in seeing the development ot such
discussion ahd speaking groups.
¥      ¥      ¥
Latest fashion news to hit the
eampus will be of Interest to male
readers as well as fashion-wise
Dr. N. A. M. MacKemie, UBC
president has been cited as one
of the ten beat-dressed Canadian
men. Although we haven't been
Watching Dr. MecKensle's stylish
ensembles we feel that this
should be good news to frustrated male students who have been
neglecting their wardrobes while
concentrating on studies,
¥      ¥      ¥
Blood Clinic officials are enthusiastic in their appraisal of
students who have kept the blood
drive running. Some students
have stood for three and four
hoors to do their bit although lt
Is possible to make appointments.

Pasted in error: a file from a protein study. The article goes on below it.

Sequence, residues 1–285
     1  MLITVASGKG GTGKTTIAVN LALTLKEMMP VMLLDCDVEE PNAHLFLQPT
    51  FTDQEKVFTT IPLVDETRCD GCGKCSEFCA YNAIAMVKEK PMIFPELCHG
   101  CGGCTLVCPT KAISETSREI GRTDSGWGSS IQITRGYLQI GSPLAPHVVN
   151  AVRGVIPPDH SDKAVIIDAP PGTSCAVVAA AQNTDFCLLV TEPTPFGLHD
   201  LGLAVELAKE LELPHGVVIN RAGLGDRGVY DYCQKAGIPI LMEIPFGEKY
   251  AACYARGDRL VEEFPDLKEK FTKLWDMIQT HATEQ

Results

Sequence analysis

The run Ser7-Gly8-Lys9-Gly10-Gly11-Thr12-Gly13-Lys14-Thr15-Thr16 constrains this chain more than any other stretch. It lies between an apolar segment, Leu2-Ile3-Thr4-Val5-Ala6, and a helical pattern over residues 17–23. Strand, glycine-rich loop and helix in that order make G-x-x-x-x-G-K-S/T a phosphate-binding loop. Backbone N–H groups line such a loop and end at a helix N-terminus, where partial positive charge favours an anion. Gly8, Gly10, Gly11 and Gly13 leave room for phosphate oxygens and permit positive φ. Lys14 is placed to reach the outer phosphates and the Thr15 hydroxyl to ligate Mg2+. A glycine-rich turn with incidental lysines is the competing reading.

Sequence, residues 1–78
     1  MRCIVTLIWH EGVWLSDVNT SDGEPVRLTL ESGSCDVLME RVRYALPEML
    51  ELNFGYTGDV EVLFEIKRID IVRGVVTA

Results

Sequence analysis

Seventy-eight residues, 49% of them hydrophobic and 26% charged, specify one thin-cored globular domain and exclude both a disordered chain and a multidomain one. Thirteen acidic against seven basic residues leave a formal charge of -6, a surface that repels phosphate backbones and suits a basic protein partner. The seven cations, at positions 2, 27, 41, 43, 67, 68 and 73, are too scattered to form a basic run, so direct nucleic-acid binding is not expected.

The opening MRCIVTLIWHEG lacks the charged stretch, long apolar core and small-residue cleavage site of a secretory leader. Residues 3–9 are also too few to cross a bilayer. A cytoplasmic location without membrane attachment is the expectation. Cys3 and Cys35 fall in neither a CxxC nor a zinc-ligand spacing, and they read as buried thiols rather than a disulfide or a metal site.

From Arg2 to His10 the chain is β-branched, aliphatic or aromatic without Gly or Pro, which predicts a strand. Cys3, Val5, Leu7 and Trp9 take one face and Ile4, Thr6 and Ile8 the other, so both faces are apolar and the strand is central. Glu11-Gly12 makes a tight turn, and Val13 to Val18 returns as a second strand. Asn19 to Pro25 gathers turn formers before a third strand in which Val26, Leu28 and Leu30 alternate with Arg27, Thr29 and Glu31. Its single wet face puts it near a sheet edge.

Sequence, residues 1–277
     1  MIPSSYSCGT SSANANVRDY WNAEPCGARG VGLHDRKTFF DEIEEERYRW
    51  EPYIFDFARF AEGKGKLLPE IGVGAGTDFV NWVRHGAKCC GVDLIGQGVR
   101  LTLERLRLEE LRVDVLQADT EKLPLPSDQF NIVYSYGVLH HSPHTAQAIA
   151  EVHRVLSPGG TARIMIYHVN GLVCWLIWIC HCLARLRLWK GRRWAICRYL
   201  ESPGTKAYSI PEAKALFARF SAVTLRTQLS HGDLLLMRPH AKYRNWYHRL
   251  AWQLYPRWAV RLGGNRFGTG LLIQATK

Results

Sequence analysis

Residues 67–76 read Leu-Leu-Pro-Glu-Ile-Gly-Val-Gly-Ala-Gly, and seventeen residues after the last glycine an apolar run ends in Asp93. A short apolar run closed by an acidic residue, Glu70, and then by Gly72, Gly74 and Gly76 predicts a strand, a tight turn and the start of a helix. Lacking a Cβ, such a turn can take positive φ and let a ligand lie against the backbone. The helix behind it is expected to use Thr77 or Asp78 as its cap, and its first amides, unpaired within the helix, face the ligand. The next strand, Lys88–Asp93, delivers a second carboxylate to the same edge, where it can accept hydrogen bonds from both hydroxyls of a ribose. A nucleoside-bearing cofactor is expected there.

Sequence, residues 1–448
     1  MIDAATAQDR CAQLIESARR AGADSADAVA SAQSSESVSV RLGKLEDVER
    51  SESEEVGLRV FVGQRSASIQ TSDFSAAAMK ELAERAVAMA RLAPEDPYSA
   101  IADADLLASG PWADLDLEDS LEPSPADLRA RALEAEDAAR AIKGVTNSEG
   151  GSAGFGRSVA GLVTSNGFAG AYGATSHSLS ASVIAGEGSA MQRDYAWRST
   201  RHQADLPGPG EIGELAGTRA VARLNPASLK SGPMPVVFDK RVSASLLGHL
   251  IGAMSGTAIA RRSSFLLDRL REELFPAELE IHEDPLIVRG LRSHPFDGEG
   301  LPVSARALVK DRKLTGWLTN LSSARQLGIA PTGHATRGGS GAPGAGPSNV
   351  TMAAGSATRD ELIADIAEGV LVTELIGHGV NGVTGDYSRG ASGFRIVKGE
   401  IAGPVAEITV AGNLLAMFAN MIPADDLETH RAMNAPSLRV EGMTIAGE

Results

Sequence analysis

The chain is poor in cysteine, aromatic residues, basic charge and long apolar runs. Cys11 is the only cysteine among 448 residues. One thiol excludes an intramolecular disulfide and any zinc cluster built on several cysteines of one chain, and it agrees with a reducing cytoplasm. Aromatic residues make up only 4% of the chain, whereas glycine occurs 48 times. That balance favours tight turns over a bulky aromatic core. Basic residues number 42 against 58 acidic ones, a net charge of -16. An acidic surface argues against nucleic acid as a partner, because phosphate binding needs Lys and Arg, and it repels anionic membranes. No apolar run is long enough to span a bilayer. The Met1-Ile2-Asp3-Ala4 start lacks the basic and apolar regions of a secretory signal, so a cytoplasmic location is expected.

The Zeta really went all-out and
even brought their house mother
to give her donation. Several
other non-campus people have
tusned out but officials say that
few faculty members have reported as yet.
One doner who was cranning
his neck to get a look at leggy
majorettes, gummed np the situation. "It really hurts—not being
able to smoke a clgarett tor an
hour, that is."
¥       ¥       ¥
We can't help being relieved
to find that elections are almost
over. We didn't have enough tact
for all the ticklish situation that
cropped up.
Can one ever forget the expressions that crossed the faces
of two candidates for the same
AMS position, who chanced to
meet at the publications for the
first time. Introductions were
murmured but they both seemed
to be posing for a tooth paste
At the same time one must be
an expert on plaids. With Scotsmen running for office the
wrong tartan skirt or scarf can
cause  a   major   catastrophe.
For movie—fans who complain
about closed Sundays the International House Committee reports that "Tales of Hoffman"
will be showing Feb. 24 at the
Studio, Sponsored by the Zonta,
n business womens' club, some of
tiie money will go towards fixtures for tbe International House
Common Room.
*r      m      V
Even the Ubyssey staff runs